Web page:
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Tuesday, November 8, 2016

Lasers and Anti-Lasers...

Schematics above show light input (green) entering opposite ends of a single device. When the phase of light input 1 is faster than that of input 2 (left panel), the gain medium dominates, resulting in coherent amplification of the light, or a lasing mode. When the phase of light input 1 is slower than input 2 (right panel), the loss medium dominates, leading to coherent absorption of the input light beams, or an anti-lasing mode. Credit: Zi Jing Wong/UC Berkeley
Topics: Laser, Modern Physics, Optical Physics

Bringing opposing forces together in one place is as challenging as you would imagine it to be, but researchers in the field of optical science have done just that.

Scientists at the Department of Energy's Lawrence Berkeley National Laboratory (Berkeley Lab) have for the first time created a single device that acts as both a laser and an anti-laser, and they demonstrated these two opposite functions at a frequency within the telecommunications band.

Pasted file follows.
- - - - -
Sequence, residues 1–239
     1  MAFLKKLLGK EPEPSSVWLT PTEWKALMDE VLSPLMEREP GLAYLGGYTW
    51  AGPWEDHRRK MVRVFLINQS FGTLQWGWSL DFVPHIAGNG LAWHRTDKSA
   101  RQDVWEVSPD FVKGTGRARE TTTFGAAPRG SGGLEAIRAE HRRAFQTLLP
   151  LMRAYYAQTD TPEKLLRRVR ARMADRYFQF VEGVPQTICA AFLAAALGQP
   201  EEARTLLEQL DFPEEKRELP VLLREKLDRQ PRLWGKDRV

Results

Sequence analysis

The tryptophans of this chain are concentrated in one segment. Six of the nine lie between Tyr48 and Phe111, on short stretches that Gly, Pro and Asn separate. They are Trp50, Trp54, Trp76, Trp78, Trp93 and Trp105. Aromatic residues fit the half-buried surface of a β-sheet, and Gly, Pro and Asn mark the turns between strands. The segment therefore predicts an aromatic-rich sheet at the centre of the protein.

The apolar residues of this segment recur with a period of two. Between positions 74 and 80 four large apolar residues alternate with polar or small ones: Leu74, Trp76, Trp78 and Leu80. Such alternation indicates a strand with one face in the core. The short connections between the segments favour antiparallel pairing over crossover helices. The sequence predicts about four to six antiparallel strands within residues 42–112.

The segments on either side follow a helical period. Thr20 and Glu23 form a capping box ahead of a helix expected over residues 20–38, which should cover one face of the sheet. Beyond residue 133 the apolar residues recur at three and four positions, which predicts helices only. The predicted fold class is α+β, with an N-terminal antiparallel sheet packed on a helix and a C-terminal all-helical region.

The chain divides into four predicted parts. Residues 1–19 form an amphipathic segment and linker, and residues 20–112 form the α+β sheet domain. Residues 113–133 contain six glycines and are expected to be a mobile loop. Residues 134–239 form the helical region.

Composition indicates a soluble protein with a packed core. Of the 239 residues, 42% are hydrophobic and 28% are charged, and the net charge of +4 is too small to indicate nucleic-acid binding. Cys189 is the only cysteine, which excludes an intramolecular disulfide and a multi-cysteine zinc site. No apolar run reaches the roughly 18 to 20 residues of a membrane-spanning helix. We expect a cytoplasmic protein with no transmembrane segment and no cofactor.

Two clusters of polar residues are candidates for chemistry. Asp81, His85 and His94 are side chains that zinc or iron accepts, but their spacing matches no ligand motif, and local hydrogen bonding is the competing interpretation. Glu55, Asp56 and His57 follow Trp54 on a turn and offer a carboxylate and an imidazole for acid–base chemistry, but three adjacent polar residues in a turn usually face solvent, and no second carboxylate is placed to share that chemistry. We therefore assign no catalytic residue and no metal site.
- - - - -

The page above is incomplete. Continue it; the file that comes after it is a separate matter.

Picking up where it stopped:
Their findings, reported in a paper to be published Monday, Nov. 7, in the journal Nature Photonics, lay the groundwork for developing a new type of integrated device with the flexibility to operate as a laser, an amplifier, a modulator, and an absorber or detector.

"In a single optical cavity we achieved both coherent light amplification and absorption at the same frequency, a counterintuitive phenomenon because these two states fundamentally contradict each other," said study principal investigator Xiang Zhang, senior faculty scientist at Berkeley Lab's Materials Sciences Division. "This is important for high-speed modulation of light pulses in optical communication."
Lasers + anti-lasers: Marriage opens door to development of single device with exceptional range of optical capabilities

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